§ 4. Right to Property

Currency:Current through November 8, 2016

(A) Every person has the right to acquire, own, control, use, enjoy, protect, and dispose of private property. This right is subject to reasonable statutory restrictions and the reasonable exercise of the police power.


(1) Property shall not be taken or damaged by the state or its political subdivisions except for public purposes and with just compensation paid to the owner or into court for his benefit. Except as specifically authorized by Article VI, Section 21 of this Constitution property shall not be taken or damaged by the state or its political subdivisions:

(a) for predominant use by any private person or entity; or

(b) for transfer of ownership to any private person or entity.

(2) As used in Subparagraph (1) of this Paragraph and in Article VI, Section 23 of this Constitution, "public purpose" shall be limited to the following:

(a) A general public right to a definite use of the property.

(b) Continuous public ownership of property dedicated to one or more of the following objectives and uses:

(i) Public buildings in which publicly funded services are administered, rendered, or provided.

(ii) Roads, bridges, waterways, access to public waters and lands, and other public transportation, access, and navigational systems available to the general public.

(iii) Drainage, flood control, levees, coastal and navigational protection and reclamation for the benefit of the public generally.

(iv) Parks, convention centers, museums, historical buildings and recreational facilities generally open to the public.

(v) Public utilities for the benefit of the public generally.

(vi) Public ports and public airports to facilitate the transport of goods or persons in domestic or international commerce.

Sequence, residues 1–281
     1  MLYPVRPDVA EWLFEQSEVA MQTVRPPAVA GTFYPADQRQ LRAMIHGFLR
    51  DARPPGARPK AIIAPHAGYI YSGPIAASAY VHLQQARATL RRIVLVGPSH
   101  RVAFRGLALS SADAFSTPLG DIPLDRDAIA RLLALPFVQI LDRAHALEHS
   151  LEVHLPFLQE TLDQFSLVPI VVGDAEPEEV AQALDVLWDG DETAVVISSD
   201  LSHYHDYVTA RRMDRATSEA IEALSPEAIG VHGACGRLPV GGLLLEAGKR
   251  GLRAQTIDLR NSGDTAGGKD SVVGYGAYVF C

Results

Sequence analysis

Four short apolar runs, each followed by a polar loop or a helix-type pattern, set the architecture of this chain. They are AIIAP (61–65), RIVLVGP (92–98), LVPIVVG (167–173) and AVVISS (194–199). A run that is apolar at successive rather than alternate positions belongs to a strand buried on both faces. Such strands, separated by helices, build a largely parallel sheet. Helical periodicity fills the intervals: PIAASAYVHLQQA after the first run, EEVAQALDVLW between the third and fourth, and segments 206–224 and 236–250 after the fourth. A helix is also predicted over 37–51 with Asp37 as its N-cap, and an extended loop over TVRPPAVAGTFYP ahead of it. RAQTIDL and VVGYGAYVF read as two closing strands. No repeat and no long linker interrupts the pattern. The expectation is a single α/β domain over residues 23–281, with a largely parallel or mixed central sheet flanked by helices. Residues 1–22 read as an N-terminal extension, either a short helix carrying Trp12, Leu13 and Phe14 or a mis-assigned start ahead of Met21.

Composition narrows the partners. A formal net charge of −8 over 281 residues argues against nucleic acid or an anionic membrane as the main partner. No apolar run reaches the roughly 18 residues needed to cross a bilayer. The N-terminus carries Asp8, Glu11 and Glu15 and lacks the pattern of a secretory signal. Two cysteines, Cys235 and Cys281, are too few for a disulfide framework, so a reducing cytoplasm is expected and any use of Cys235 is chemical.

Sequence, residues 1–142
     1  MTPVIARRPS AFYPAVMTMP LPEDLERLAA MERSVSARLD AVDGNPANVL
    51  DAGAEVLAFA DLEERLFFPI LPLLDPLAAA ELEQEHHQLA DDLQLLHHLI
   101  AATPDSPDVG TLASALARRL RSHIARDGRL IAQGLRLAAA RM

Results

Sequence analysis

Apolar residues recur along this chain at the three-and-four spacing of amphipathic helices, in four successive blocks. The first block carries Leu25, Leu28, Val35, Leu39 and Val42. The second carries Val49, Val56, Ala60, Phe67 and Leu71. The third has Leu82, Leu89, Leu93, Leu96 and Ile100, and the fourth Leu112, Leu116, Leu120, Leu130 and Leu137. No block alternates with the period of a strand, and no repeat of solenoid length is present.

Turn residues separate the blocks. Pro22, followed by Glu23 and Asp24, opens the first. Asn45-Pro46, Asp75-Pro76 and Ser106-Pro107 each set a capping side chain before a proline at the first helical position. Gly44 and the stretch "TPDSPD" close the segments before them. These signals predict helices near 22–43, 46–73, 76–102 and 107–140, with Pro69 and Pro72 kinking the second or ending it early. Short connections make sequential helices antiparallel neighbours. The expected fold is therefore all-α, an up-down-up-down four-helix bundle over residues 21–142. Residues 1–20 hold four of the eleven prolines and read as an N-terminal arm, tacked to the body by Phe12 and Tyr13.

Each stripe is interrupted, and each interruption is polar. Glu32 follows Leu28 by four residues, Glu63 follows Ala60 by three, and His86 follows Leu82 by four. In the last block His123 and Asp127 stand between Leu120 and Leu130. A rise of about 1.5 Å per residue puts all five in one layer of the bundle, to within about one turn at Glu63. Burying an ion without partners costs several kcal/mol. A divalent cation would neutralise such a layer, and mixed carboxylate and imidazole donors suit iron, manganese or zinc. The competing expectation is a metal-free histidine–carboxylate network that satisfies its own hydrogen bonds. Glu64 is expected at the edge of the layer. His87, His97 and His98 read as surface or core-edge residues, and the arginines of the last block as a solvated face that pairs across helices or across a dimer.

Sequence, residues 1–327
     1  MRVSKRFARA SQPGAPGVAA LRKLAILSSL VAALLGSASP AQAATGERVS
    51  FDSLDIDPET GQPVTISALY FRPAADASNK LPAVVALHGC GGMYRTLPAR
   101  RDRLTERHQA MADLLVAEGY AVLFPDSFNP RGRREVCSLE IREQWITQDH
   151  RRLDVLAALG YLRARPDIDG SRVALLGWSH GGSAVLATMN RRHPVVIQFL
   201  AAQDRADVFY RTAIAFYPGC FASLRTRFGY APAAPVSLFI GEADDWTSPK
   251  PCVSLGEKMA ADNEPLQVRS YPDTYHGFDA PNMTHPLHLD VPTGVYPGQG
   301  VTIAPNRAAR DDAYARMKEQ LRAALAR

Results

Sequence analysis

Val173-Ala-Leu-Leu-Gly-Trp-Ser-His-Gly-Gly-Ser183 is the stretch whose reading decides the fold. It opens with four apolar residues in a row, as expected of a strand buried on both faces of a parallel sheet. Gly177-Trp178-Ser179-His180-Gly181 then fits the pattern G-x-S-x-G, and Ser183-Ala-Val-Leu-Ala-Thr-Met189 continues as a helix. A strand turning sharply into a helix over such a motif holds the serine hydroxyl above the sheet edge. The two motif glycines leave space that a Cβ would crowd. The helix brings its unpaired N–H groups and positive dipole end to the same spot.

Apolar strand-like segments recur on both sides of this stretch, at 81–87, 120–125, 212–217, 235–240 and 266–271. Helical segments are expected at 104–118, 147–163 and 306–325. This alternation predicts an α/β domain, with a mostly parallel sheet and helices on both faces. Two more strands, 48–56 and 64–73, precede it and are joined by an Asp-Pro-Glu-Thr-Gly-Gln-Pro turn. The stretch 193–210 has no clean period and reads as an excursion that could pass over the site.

(c) The removal of a threat to public health or safety caused by the existing use or disuse of the property.

(3) Neither economic development, of tax revenue, or any incidental benefit to the public shall be considered in determining whether the taking or damaging of property is for a public purpose pursuant to Subparagraph (1) of this Paragraph or Article VI, Section 23 of this Constitution.

(4) Property shall not be taken or damaged by any private entity authorized by law to expropriate, except for a public and necessary purpose and with just compensation paid to the owner; in such proceedings, whether the purpose is public and necessary shall be a judicial question.

(5) In every expropriation or action to take property pursuant to the provisions of this Section, a party has the right to trial by jury to determine whether the compensation is just, and the owner shall be compensated to the full extent of his loss. Except as otherwise provided in this Constitution, the full extent of loss shall include, but not be limited to, the appraised value of the property and all costs of relocation, inconvenience, and any other damages actually incurred by the owner because of the expropriation.

To continue reading